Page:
Quote vs. Quotation, Invite vs. Invitation
One of my college professors insisted that quote is a verb and quotation is a noun and never the twain shall meet. For example, a writer quotes from an author, but the quoted material is a quotation, never “a quote.”
Although I still observe the distinction in my own writing, I have become aware that both the OED and Merriam-Webster recognize the use of quote as a noun.
Most English words ending in -tion have French cognates, for example: information, confirmation, and position. Such words came into English in the Middle Ages from French. In M.E. the ending of these French borrowings was spelled -cioun; later the ending came to be spelled -tion in both languages.
Through the centuries, many -tion words have lost their endings, and more are in the process of doing so.
English words ending in -tion tend to lose the suffix when the first part of the word retains the word’s meaning without it.
Here are some shortened -tion nouns that have become accepted into standard English:
quote from quotation
ID or I.D. from identification
insert from insertion
Here are some that the OED still labels colloquial or slang:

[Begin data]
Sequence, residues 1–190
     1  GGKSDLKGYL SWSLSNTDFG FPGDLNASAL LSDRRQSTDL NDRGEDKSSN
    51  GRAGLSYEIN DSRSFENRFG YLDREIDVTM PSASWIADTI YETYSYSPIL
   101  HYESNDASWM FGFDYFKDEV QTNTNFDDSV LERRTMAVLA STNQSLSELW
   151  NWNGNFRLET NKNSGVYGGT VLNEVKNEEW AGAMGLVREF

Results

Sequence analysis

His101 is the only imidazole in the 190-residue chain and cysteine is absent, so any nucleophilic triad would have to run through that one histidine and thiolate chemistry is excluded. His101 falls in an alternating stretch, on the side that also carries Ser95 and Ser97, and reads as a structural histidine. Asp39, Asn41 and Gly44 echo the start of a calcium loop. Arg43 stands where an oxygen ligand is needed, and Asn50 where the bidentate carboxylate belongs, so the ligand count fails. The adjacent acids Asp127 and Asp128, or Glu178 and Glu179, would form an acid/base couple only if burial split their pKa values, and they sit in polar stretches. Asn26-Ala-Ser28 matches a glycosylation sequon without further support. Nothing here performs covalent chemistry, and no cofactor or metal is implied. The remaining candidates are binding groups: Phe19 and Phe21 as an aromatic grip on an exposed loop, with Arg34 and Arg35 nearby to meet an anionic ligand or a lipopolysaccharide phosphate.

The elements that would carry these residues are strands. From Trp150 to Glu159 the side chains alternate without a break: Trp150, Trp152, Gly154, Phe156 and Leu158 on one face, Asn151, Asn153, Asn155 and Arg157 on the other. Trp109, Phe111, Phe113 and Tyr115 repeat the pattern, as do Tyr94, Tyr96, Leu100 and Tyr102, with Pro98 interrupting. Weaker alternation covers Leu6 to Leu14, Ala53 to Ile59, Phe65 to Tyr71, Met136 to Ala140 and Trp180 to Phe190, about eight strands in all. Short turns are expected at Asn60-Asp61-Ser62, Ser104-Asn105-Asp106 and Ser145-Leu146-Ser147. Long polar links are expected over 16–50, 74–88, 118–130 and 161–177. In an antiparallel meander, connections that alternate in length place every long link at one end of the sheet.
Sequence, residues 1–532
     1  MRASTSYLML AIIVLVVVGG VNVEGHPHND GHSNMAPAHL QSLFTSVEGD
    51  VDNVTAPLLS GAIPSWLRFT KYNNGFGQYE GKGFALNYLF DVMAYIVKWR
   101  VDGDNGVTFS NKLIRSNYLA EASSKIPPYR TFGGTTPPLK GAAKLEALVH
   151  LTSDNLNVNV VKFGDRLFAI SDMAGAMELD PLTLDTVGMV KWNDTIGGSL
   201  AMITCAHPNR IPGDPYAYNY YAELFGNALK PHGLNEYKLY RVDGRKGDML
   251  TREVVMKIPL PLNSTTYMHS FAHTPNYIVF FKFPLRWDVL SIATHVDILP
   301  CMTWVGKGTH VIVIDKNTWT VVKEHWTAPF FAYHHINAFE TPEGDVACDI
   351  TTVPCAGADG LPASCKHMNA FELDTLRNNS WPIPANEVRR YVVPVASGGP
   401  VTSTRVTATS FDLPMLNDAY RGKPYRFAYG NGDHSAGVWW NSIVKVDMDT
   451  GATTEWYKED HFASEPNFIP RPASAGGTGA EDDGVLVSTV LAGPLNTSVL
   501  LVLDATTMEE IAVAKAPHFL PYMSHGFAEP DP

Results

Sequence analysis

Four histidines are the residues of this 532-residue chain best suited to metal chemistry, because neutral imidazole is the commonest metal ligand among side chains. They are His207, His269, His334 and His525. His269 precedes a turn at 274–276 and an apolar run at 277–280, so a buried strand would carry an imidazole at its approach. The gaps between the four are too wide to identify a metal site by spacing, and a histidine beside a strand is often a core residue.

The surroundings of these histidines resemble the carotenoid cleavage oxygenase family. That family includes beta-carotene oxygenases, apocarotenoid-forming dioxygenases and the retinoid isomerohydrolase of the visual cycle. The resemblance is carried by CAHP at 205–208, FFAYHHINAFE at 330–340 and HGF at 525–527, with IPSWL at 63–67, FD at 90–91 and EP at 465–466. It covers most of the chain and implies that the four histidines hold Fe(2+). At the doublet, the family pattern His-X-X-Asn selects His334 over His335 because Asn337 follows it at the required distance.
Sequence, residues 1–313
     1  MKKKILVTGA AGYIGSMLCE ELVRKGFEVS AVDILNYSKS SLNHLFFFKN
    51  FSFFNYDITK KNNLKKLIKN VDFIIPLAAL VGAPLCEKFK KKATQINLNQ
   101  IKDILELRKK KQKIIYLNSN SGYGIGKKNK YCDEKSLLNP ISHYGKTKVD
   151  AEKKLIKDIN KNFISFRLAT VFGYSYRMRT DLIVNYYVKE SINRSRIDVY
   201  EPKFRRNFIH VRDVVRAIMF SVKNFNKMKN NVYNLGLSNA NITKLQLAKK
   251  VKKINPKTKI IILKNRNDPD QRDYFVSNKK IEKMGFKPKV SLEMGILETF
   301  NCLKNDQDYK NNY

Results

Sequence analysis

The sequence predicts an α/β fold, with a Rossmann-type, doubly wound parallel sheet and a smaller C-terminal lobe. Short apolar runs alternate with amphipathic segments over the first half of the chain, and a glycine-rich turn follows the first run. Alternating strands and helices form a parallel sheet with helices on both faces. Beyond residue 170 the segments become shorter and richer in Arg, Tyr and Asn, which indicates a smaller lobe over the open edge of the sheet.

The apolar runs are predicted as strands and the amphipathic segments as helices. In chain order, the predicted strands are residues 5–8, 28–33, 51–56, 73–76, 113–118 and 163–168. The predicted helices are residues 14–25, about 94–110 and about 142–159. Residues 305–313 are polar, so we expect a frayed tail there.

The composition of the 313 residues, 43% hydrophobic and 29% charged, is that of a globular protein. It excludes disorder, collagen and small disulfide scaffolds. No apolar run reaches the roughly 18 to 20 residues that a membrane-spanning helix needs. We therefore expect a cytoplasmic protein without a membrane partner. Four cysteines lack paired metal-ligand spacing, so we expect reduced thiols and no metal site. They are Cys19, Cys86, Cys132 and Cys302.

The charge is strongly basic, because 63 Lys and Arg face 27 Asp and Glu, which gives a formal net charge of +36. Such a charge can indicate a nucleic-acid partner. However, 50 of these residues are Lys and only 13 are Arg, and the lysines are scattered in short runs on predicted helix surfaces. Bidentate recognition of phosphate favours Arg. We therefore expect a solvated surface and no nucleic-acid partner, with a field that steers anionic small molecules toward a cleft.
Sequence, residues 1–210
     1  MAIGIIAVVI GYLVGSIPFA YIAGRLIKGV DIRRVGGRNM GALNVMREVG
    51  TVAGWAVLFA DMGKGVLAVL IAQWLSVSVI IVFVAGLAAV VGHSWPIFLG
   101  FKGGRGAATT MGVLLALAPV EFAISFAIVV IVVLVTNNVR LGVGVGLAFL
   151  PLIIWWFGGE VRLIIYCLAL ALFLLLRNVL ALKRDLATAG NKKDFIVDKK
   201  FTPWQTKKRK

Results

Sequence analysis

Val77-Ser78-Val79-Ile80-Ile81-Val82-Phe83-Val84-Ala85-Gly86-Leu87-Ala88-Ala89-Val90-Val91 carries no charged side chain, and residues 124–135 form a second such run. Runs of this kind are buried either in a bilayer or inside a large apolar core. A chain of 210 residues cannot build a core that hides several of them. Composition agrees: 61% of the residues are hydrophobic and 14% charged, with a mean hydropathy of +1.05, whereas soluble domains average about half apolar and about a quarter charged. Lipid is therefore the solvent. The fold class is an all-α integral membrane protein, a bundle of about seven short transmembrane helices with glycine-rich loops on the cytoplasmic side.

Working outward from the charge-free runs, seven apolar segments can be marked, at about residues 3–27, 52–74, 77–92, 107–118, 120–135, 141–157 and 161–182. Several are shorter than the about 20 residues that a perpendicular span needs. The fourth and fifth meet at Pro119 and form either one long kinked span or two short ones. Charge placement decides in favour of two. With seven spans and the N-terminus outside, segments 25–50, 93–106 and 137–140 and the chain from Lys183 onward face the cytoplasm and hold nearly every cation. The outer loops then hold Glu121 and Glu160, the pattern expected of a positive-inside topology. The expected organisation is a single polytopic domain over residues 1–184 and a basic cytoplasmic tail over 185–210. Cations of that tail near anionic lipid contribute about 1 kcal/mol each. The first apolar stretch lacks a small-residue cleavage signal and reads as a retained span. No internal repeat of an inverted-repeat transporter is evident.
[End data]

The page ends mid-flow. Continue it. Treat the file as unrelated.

invite from invitation
info from information
admin from administration
prep from preparation
promo from promotion (in the sense of publicity)
ammo from ammunition
NOTE: M-W does not agree with OED on all of the shortened -tion words. For example, while M-W labels the noun invite “chiefly dialectal,” it admits ammo as a standard word. OED does not have an entry for specs with the meaning specifications, but M-W has.
Many speakers cringe when they hear or read invite used as a noun, but the tendency to drop -tion when the rest of the word is sufficiently meaningful without it, is strong in English. I may not like hearing invite used as a noun, but enough speakers use it that way for it to make a comeback. Yes, comeback:
1659 H. L’Estrange Alliance Divine Offices 326 Bishop Cranmer..gives him an earnest invite to England. –OED documentation.
A second tendency with -tion words that I find it difficult to accept with equanimity concerns verbs.
The function of the suffix -tion is to change a verb into a noun: examine/examination, locate/location, converse/conversation, interpret/interpretation.
Some speakers, however, perhaps because they are not familiar with the underlying verb, create a new verb via back formation. For these speakers, orientation become orientate; interpretation becomes interpretate, and conversation becomes conversate.
NOTE: Back-formation is the formation of what looks like a root-word from an already existing word which might be (but is not) a derivative of the former.
Of the words I just listed, orientate has become standard in British English, but it is still regarded as nonstandard in American English. Interpretate does appear in the OED, but it is labelled “rare or obsolete”; the most recent example of its use is dated 1866.
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